Leadership for the Whole Church

Leardership for the Whole Church: Part 4 in the Series reflecting on Slow Church

Part 1:

Stanley Hauerwas and Slow Church

Part 2:

Practicing Presence

Part 3:

Formation in the Church

This is Part 4 of our series looking at the concept of Slow Church and what we can learn from the ideas of Stanley Hauerwas.  The links above will direct you to the first three posts in the series. This video is longer than the previous three. However, it’s worth watching the whole video.

Part 4 breaks away somewhat from the first 3 in that the post is more focused on leadership and leaders rather than on the whole body. Yet this video links well with the other three, precisely where Hauerwas talks about leadership as something that is best raised up through the community. Such leadership is in contrast to the leadership model touted by the book store best sellers.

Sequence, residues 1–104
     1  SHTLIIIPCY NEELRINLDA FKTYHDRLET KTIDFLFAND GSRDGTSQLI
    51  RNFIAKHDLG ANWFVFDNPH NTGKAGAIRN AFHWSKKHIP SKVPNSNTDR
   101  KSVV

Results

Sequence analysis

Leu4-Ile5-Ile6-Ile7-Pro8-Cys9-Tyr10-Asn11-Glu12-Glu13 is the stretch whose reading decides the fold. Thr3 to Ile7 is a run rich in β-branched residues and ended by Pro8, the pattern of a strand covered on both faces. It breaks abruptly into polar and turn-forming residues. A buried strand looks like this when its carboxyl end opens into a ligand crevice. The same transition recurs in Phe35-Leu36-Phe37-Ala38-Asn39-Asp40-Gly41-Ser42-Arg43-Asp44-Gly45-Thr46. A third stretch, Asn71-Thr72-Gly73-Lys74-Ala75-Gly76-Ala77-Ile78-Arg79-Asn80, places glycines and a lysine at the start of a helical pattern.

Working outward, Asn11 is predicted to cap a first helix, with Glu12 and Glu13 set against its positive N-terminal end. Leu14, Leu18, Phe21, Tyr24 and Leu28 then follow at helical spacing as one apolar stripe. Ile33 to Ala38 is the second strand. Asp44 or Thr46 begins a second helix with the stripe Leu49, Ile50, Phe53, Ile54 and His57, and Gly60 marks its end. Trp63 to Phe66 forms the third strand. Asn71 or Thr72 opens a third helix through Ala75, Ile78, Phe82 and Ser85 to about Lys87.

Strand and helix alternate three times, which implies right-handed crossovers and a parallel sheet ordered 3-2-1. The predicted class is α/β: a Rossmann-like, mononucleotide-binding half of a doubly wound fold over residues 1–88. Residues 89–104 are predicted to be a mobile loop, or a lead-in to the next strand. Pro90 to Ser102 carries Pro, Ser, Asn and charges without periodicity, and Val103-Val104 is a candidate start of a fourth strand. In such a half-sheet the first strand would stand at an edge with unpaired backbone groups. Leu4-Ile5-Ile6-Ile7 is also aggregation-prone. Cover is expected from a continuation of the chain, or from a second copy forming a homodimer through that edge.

The video starts off with Hauerwas stating that creative authority is all about persuasion.  While he talks about it in the context of being a leader in a community such as a church or university, one question it raises, is how do churches express creative authority in the communities in which they are situated?

For many years, the church spoke from a position of assumed authority. Within a Christendom model this was considered acceptable and even expected. As that model has disintegrated, can the church learn to speak authoritatively again.